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Figure 4. Comparison of the results from current study with literature for coal and gas. [All impacts expressed per kWh of electricity generated. Literature data for lignite from [15,19,21,43]; for hard coal from [19,27,43]; for natural gas from [14,15,19,24,27,43]. All impacts estimated using the CML 2001 method. For impacts nomenclature, see Figure 3.].
Figure 4. Comparison of the results from current study with literature for coal and gas. [All impacts expressed per kWh of electricity generated. Literature data for lignite from [15,19,21,43]; for hard coal from [19,27,43]; for natural gas from [14,15,19,24,27,43]. All impacts estimated using the CML 2001 method. For impacts nomenclature, see Figure 3.].
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Nevertheless, all the impacts estimated in this study for lignite and hard coal power are well within the ranges reported in the literature (Figure 4). For example, for lignite electricity, the GWP falls between 866 and 1700 g CO2-eq./kWh, which compares well with the estimate in this study of 1062 g CO2-eq./kWh. For hard coal, the GWP in the literature ranges between 872 and 1628 g CO2-eq./kWh so that the value of 1126 g CO2-eq./kWh obtained in the current study is around the middle of the range. A good agreement of the results is also found for gas electricity. For instance, the GWP reported in the literature is between 383 and 996 g CO2-eq./kWh, and, in this work, it is estimated at 499 g CO2-eq./kWh.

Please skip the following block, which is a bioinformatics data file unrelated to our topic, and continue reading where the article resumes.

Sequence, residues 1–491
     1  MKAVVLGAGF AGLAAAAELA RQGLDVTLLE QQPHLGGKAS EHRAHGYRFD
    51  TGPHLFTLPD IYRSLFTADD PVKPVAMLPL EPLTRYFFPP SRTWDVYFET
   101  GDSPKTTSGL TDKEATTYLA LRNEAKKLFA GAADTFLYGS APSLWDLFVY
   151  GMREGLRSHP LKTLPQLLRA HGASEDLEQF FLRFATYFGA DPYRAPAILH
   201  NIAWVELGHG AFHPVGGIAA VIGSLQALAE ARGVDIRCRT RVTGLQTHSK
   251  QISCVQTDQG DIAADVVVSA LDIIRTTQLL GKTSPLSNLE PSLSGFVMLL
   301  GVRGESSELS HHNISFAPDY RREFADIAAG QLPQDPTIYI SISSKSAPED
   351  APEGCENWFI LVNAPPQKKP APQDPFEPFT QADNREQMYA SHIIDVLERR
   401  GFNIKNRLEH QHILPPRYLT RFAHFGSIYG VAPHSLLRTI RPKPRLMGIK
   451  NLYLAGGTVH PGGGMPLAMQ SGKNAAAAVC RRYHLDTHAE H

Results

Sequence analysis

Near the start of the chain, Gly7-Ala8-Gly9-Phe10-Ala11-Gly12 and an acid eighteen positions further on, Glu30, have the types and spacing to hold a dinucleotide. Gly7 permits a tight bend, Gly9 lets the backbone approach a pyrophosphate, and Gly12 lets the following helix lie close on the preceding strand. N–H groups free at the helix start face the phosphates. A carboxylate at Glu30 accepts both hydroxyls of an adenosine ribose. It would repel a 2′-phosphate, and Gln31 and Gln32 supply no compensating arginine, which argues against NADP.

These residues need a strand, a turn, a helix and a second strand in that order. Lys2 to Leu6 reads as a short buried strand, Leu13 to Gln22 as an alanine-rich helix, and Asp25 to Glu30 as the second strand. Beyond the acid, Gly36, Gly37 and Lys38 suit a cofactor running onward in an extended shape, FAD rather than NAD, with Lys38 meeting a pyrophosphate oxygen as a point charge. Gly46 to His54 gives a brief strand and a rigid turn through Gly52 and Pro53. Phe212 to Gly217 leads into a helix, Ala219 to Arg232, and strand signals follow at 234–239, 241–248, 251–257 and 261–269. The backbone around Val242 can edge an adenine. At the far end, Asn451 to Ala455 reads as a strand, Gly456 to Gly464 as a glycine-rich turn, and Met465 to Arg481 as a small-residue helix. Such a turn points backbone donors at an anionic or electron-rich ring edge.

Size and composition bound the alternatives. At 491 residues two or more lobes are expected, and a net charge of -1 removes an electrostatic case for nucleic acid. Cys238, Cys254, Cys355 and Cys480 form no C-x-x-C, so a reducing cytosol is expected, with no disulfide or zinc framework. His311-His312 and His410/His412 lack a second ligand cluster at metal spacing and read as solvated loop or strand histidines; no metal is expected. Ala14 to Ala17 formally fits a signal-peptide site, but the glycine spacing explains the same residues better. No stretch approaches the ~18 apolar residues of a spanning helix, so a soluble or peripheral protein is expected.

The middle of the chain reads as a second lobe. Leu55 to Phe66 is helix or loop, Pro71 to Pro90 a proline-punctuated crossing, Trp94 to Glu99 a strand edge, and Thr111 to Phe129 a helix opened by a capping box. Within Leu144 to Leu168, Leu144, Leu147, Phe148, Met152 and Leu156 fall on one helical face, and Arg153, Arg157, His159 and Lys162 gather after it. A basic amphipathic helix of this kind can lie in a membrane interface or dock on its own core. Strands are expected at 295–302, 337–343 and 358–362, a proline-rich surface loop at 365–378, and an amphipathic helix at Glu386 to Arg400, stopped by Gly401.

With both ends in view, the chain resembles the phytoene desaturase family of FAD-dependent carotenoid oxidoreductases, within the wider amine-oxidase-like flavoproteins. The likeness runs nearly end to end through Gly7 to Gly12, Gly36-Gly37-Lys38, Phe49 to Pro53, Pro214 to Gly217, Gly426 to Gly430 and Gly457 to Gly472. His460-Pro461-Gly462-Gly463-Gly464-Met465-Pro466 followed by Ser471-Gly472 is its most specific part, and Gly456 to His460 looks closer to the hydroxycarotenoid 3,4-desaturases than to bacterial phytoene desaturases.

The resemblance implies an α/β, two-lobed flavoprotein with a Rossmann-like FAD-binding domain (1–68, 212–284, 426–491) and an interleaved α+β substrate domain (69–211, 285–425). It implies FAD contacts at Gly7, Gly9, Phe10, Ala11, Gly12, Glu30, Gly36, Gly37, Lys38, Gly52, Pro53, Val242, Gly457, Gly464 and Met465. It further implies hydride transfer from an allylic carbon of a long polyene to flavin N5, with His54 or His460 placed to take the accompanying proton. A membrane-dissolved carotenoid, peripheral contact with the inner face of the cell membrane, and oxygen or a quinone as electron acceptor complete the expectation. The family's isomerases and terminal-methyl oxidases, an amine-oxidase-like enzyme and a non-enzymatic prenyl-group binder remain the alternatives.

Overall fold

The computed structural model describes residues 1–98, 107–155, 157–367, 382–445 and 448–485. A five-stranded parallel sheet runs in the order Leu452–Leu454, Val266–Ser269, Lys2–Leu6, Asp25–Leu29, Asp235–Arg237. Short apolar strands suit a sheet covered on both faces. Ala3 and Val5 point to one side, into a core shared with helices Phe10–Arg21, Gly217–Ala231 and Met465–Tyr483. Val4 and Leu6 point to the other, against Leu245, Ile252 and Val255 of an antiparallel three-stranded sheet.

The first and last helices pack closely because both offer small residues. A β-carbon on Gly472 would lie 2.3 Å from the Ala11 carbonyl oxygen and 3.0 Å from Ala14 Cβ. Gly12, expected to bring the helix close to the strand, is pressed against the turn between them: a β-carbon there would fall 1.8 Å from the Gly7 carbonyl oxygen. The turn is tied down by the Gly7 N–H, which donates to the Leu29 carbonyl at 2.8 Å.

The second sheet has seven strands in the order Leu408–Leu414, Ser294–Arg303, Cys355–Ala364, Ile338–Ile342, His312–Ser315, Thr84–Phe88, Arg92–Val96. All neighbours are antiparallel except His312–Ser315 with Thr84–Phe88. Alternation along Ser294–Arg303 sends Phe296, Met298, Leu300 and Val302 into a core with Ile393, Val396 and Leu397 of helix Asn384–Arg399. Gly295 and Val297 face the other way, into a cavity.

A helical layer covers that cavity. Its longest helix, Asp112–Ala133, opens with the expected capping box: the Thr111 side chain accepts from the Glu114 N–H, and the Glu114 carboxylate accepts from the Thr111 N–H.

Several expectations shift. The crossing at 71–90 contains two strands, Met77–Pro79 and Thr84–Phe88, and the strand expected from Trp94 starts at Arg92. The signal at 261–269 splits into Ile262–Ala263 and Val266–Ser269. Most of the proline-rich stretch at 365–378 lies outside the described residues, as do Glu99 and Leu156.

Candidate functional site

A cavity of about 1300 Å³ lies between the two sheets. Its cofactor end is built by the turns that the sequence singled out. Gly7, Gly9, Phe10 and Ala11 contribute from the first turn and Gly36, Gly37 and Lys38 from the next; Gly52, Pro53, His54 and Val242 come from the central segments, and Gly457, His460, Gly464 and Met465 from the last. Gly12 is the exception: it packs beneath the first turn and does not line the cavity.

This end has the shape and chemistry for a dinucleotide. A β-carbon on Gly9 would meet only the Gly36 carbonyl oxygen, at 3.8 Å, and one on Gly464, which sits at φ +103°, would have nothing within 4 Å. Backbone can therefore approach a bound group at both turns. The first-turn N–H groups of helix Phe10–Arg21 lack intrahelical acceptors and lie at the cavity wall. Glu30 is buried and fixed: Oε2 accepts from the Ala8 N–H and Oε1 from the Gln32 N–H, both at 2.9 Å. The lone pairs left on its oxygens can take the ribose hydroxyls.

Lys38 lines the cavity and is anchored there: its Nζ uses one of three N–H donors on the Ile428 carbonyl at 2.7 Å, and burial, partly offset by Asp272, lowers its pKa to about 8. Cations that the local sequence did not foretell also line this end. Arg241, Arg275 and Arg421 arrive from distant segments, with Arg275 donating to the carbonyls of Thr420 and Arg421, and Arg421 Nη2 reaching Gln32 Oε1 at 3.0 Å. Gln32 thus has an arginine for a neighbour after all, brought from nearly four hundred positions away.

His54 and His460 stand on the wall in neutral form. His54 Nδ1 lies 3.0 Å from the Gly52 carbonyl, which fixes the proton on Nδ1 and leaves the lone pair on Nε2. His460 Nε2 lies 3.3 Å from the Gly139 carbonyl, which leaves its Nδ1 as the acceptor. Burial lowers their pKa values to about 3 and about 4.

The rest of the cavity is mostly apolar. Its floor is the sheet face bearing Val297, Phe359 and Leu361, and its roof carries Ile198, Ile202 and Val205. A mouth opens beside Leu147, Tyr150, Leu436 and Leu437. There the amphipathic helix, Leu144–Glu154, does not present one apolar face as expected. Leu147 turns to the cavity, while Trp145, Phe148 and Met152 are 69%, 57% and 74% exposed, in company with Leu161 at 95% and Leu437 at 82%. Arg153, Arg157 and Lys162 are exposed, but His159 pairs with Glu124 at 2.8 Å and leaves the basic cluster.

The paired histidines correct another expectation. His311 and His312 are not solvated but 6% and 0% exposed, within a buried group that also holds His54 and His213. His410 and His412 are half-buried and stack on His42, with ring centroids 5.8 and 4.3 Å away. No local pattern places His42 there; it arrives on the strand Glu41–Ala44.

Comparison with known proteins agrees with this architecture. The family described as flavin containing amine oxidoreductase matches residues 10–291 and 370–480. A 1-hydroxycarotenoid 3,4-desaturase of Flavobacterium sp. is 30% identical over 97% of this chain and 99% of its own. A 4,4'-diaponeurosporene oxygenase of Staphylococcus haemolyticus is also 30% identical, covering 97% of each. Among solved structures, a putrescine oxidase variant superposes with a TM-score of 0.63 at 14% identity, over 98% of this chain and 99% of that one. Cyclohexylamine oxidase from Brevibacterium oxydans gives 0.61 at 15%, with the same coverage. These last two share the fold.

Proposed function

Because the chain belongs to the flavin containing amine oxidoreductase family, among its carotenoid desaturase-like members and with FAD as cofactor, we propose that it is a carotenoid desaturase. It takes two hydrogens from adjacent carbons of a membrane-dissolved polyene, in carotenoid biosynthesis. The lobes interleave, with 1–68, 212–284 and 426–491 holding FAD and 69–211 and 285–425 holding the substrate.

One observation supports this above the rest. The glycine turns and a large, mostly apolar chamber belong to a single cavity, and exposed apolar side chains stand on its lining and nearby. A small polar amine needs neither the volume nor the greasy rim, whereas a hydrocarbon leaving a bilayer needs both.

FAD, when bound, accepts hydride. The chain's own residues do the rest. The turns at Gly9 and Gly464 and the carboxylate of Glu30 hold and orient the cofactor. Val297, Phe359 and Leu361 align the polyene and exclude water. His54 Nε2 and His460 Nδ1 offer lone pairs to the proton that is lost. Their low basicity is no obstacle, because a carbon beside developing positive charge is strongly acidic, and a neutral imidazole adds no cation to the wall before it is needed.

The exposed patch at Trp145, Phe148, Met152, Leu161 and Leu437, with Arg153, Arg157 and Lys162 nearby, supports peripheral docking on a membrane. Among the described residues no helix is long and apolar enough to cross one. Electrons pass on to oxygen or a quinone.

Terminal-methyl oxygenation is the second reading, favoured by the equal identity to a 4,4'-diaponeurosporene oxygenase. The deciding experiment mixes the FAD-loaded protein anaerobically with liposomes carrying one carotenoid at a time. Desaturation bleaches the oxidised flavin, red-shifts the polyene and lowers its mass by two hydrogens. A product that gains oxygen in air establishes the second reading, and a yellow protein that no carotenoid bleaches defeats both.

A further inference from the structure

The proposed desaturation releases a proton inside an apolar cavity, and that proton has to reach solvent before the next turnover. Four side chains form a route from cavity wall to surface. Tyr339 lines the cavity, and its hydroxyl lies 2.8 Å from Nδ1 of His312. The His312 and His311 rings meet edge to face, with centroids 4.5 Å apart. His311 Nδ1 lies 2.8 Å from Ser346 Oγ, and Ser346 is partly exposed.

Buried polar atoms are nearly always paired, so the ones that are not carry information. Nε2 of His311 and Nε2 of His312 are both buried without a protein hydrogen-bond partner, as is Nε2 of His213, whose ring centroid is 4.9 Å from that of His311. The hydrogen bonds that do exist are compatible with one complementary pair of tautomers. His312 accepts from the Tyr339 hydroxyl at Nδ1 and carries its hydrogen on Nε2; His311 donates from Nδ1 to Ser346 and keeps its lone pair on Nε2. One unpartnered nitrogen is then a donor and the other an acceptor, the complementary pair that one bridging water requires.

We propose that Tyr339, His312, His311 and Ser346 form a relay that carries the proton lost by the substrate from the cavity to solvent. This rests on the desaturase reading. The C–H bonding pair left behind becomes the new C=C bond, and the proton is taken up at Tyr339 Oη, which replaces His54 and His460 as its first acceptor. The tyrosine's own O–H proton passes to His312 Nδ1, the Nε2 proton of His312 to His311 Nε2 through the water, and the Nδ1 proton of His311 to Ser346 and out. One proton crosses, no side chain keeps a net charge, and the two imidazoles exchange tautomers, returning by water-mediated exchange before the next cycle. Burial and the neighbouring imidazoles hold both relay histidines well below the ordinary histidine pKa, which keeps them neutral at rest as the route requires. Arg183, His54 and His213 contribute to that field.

There are only four LCA studies of reservoir hydropower plants so that comparison with the literature is limited. As shown in Figure 5, the results for the GWP, AP, EP, ODP, POCP and TETP are comparable to the lower values reported in the literature. For example, the GWP falls between 2.7 and 11.6 g CO2-eq./kWh in the literature, which compares well to this study’s estimate of 6.9 g CO2-eq./kWh for reservoir hydropower. On the other hand, the results for the ADP elements and fossil, FAETP, HTP and MAETP are below the range of values in the literature. One of the reasons for this could be the very different size of large and small scale plants which are not distinguished in the literature.
All the impacts estimated in this study for run-of-river hydropower and wind electricity are well within the ranges reported by other authors (Figure 5). For example, the GWP for run-of-river hydropower is between 0.3 and 5.2 g CO2-eq./kWh, which compares well to the value of 4.1 g CO2-eq./kWh obtained in the current study. For onshore wind, the GWP ranges from 6.2 to 31 g CO2-eq./kWh, and the estimate in the present work is 7.3 g CO2-eq./kWh.
Figure 5. Comparison of the results from current study with literature for hydropower and wind power. (a) Reservoir and run-of-river hydropower. (b) Onshore wind. [All impacts expressed per kWh of electricity generated. The current study results for the reservoir hydropower present the average value for large and small reservoir. Literature data for reservoir from: [30,43,44]; for run-of-river from: [20,23,26,29,43,44,45]; for onshore wind from [22,25,28,31,33,43]. All impacts estimated using the CML 2001 method. For impacts nomenclature, see Figure 3.].